7. Keep Up with Scheduled Maintenance

We know it can be hard to arrange maintenance, especially when you have a larger fleet and drivers who might be resistant to scheduling it but keeping on top of servicing and regular maintenance tasks will help reduce your maintenance spending in two ways. Firstly, it will prevent issues from developing that might if you don’t keep on top of vehicle maintenance. Secondly, any issues should be detected which can reduce the risk of them becoming greater issues further down the line.

8. Look at Additional Insurance Policies

If you’re leasing your fleet vehicles then damage can be particularly problematic as you need to return the vehicle in line with the BVRLA’s fair wear and tear guidelines, and while these will take into account the expected wear during the contract time period any excess damage will be recharged to you. There are additional insurance products that you can take out that will cover you for damage like scratched paintwork or alloys that you otherwise would get the bill for. It is worth considering whether such policies would be beneficial for your fleet, especially if you rely on leasing as a primary funding method.

9. Plan Your Routes

It might not be one of the first benefits you think of when you plan routes, but if you know there’s a road that’s particularly dangerous (this could be because of a blind spot, speed limit changes or any other feature), has a lot of potholes or similar surface damage that can damage your vehicles or any other condition that could lead to excess wear or damage to your vehicle then you can plan to avoid this as part of the route planning.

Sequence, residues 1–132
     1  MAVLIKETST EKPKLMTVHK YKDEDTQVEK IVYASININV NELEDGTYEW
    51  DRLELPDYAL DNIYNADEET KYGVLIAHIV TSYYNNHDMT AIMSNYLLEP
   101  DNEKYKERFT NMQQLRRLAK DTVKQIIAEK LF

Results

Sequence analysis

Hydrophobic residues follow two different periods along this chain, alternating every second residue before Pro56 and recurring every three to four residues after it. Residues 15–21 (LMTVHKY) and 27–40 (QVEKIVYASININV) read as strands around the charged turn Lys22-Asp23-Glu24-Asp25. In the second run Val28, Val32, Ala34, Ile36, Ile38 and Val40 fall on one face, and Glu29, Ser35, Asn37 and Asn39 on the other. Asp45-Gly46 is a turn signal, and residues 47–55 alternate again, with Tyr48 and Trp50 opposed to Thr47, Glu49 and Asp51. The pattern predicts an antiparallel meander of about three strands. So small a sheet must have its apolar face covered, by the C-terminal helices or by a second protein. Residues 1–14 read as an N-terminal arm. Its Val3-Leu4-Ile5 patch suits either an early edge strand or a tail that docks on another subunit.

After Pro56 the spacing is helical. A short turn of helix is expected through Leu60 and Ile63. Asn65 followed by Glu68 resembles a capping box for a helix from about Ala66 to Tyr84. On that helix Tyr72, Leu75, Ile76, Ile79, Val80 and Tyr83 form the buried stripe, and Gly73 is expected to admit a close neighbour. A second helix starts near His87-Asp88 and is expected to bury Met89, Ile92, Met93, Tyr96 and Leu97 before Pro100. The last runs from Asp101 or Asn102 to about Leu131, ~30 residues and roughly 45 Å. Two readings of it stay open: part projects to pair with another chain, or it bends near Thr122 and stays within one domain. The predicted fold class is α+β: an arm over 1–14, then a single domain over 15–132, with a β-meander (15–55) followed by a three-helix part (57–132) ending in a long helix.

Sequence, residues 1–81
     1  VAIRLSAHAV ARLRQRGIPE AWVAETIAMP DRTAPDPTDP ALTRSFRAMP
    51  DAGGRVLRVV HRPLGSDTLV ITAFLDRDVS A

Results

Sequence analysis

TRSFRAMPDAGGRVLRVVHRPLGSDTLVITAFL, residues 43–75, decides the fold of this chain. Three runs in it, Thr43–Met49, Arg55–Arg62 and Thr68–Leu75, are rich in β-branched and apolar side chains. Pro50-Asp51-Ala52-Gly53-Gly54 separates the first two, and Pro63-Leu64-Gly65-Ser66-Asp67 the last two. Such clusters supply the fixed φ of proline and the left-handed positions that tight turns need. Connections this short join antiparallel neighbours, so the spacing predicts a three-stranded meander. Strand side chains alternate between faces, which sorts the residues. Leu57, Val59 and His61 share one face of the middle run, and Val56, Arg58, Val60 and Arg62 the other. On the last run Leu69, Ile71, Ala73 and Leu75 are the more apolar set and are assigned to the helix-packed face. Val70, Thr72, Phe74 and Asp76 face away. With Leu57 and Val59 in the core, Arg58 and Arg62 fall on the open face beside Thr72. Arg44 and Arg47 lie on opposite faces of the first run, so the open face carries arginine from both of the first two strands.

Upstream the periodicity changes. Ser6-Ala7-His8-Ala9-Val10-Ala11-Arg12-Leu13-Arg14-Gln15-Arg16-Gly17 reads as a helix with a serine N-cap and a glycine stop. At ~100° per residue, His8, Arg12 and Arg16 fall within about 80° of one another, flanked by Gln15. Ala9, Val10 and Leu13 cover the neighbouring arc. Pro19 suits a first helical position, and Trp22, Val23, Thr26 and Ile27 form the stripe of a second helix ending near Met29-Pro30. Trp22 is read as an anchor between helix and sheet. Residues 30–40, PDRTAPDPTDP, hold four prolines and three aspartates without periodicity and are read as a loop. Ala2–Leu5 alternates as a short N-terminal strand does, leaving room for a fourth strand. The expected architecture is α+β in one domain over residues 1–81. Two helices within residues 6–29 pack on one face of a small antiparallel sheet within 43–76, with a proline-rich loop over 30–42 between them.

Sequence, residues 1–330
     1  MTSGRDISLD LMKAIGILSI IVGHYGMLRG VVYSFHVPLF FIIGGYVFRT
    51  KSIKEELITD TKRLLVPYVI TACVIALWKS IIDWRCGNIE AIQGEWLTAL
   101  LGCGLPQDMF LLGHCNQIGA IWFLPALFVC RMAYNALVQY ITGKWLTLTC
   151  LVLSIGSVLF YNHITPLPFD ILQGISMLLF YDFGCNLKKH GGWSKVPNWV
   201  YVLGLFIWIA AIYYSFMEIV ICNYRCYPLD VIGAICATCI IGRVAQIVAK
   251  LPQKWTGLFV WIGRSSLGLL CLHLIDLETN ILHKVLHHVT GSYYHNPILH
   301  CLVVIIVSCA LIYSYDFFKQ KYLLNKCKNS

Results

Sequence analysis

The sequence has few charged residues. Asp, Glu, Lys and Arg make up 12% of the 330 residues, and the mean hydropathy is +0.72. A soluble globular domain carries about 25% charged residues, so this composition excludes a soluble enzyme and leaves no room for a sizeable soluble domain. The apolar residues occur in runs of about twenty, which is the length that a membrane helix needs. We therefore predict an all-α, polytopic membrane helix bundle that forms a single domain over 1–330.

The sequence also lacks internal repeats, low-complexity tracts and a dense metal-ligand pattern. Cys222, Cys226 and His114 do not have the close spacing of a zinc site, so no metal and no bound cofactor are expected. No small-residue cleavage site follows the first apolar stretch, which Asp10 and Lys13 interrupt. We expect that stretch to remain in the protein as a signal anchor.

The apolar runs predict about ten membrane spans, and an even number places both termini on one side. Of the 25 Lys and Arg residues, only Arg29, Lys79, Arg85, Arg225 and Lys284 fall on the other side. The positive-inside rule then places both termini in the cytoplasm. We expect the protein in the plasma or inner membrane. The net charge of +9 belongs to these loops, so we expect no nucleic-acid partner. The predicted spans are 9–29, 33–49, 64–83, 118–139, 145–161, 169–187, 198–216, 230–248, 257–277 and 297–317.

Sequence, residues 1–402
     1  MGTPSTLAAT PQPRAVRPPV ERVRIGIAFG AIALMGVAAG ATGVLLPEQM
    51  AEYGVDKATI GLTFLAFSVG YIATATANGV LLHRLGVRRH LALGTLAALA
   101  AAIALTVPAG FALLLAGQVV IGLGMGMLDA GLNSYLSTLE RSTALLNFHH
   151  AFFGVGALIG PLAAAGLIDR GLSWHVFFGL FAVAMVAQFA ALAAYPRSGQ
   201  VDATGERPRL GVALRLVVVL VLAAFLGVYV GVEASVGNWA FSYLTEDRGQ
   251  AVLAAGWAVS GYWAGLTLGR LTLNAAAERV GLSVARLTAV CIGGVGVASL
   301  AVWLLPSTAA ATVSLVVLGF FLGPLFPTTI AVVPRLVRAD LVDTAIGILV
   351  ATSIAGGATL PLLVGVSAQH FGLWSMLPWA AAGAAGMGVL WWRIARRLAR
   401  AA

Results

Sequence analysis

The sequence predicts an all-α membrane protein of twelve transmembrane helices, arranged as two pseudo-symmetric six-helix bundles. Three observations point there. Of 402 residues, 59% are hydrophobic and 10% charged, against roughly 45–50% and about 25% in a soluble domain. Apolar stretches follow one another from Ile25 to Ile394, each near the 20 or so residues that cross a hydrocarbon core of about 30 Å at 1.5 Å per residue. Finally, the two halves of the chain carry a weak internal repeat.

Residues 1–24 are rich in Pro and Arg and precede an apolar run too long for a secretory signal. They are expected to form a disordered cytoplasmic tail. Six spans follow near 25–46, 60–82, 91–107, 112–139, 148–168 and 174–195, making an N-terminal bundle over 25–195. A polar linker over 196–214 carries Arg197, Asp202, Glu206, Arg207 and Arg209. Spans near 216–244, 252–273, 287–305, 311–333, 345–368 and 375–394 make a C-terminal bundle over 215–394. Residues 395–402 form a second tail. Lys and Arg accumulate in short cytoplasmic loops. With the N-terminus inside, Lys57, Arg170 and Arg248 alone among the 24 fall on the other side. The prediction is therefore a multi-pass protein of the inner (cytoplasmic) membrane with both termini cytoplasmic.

10. Think About Parking

Vehicle vandalism most commonly happens when a car is parked and unattended, so it’s important to consider where your fleet is parked to help tackle this aspect of fleet damage. We recommend advising your drivers of safe parking practises for overnight and whilst out and about as part of this. Additionally, you should make sure that any workplace parking that you offer is as safe as you can make it.